--
Dave Parker
Swall Meadows, CA


Re: Pinned together

Tony Thompson
 

Ken Akerboom wrote:

Are you talking about the horizontal "lines" just be low the car numbers, extending the length of the car?
Looks to me like an insulated tank, and the 2 pieces of jacket have angle irons attached, with bolts between them to draw the jacket tight?

Ken is exactly right. And these details are almost certainly a buyer specification, not a builder standard.

Tony Thompson




Re: [Non-DoD Source] [RealSTMFC] PRR class H21 hopper and a UNION RAILROAD H21 style hopper with coke rack extensions

Gatwood, Elden J SAD
 

Guys;

 

That is NOT a Pgh-area steel mill.  They had no blast furnace complexes that looked like that.

 

Jack Consoli made a compelling argument for Steelton-Highspire near Harrisburg, and I have to agree.

 

The give-aways are the layout of the furnaces, the stoves, and the big stacks.  The canal is the icing on the cake.

 

He also doesn’t think the coke car is URR, but my eyes are too poor to see the lettering.

 

Can anyone ID the other cars?

 

Elden Gatwood

 

From: main@RealSTMFC.groups.io <main@RealSTMFC.groups.io> On Behalf Of Claus Schlund \(HGM\)
Sent: Friday, March 26, 2021 3:07 PM
To: STMFC <main@RealSTMFC.groups.io>
Subject: [Non-DoD Source] [RealSTMFC] PRR class H21 hopper and a UNION RAILROAD H21 style hopper with coke rack extensions

 

Hi List Members,

 

View of a Pittsburgh PA steel mill.

 

Identifiable cars are a PRR class H21 hopper in circle-Keystone paint and lettering, and a UNION RAILROAD H21 style hopper with coke rack extensions.

 

 

More info at the link below...

 

 

Enjoy!

 

Claus Schlund

 

 

 

 


Re: Photo: Flatcar With Rope Load

John Mateyko
 
Edited

Ralph,  With all due respect I am pretty sure when the item in questioned is ordered, it is referred to as rope.  Once on board, spliced per custom of the vessel and put to use it is then referred to as a specific line.  The same piece of 8" rope could be used once as a bow line, the next time as a spring line, another time as a breast line and another as a stern line.  When the captain orders. "Single up all lines" all lines which have been doubled up have one of those lines brought aboard.  When the captain orders, "Take in the stern breast line" every crew member in the docking/undocking party knows which specific line that is.  After leaving the dock/pier/wharf the chief mate will pass the order to stow all lines(they are still on deck in their most recently used area) into the Rope Locker, the lines are put into the rope locker.  The last one in may have been used as the stern line.  The next time, it would be the first piece out and more than likely will become either the forward line or the forward breast line.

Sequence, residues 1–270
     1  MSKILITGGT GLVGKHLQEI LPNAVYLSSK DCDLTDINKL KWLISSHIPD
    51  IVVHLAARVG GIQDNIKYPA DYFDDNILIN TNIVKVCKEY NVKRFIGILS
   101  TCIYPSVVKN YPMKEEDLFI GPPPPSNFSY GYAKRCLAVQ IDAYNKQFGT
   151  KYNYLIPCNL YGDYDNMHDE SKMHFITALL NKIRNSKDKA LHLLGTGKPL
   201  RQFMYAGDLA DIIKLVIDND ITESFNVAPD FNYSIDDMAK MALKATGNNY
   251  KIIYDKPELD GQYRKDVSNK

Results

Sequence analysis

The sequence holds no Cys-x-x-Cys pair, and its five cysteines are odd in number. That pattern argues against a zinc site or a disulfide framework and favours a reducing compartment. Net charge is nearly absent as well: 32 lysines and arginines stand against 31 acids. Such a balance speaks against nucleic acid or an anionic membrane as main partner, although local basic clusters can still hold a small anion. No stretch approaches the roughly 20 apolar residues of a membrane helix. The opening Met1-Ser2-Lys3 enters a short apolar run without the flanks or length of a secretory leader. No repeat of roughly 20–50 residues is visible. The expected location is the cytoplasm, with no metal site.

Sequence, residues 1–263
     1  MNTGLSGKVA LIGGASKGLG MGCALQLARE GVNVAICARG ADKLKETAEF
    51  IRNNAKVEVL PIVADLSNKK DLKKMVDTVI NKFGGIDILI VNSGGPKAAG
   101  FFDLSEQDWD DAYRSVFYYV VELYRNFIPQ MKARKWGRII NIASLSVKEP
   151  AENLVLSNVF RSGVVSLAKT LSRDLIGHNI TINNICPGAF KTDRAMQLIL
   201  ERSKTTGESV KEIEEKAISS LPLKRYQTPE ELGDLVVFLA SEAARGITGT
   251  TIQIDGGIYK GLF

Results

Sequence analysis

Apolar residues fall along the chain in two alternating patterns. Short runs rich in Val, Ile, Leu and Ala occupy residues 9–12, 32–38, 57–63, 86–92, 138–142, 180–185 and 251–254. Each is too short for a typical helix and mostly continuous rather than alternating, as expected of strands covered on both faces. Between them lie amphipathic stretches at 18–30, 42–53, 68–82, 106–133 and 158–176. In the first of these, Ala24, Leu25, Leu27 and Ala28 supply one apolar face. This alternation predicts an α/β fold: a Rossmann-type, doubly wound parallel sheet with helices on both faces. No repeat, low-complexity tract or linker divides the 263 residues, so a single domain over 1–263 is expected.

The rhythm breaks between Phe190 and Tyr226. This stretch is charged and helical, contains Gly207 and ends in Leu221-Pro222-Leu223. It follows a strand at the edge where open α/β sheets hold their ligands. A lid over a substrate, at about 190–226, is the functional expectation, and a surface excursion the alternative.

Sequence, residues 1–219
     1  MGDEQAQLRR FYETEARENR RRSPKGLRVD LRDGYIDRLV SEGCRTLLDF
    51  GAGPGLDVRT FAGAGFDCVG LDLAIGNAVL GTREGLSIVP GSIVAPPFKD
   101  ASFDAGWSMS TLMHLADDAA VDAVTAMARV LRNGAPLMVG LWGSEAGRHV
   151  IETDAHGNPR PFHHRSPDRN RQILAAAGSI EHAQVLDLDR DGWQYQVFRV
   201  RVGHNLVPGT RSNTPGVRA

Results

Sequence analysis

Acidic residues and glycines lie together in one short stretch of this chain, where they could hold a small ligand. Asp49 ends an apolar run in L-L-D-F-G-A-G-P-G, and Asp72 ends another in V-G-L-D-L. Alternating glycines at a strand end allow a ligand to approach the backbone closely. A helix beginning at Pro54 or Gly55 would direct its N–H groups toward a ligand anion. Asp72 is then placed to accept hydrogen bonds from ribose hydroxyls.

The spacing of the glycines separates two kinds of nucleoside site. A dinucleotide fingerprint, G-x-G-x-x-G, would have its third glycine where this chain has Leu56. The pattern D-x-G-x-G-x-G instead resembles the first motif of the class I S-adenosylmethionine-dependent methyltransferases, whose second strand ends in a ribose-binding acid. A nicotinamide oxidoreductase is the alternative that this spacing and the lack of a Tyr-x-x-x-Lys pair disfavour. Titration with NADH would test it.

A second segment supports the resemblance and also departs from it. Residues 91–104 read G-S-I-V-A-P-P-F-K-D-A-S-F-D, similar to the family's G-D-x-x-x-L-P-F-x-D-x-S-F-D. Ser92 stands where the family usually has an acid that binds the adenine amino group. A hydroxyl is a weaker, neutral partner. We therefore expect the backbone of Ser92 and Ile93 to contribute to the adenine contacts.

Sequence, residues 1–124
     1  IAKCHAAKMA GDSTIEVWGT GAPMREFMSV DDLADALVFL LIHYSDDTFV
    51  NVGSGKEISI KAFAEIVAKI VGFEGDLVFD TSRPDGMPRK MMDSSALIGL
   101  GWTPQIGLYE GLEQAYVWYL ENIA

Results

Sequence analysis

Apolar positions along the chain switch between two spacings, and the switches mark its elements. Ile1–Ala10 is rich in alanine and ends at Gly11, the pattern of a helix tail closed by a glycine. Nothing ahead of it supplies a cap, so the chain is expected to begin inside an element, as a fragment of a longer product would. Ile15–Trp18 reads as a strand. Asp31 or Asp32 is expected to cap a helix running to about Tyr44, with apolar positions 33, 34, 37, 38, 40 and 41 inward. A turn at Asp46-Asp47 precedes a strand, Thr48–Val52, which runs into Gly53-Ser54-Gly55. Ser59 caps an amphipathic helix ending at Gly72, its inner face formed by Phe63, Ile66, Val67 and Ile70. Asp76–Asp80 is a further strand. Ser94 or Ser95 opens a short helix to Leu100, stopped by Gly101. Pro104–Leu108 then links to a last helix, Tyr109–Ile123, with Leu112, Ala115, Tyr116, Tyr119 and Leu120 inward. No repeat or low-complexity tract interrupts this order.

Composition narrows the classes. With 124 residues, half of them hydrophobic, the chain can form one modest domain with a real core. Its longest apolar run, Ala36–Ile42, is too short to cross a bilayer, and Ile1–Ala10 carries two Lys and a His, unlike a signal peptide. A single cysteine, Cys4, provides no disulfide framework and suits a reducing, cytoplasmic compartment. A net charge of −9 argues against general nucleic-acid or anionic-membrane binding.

By the way sir, how many years did you serve aboard a big ship's deck department?
Respectfully,
John Mateyko


Re: Pinned together

akerboomk
 

Are you talking about the horizontal "lines" just be low the car numbers, extending the length of the car?
Looks to me like an insulated tank, and the 2 pieces of jacket have angle irons attached, with bolts between them to draw the jacket tight?
--
Ken Akerboom


Re: [EXT] [RealSTMFC] REDEMPTION

gtws00
 

Schuler,
I grabbed this copy of the Ultimate thinning guide from their website. The attached one is a bit larger in size and a bit easier to read.
Also here is there website if you care to see it online. They have many nice products, but hard to get with Covid around as shipping is very costly direct from them

Tutorials | Ultimate Modelling Products (umpretail.com)

Ultimate_Thinner_Chart_V1.2_19c16a42-89ef-4218-b13c-e520698b1e02.webp (724×1024)

I use mostly Acrylics now and avoid lacquerer paints not because I don't like them but because I cannot tolerate them even with the use of a vented spray booth. 

Hope this helps
George Toman
Willow Springs, IL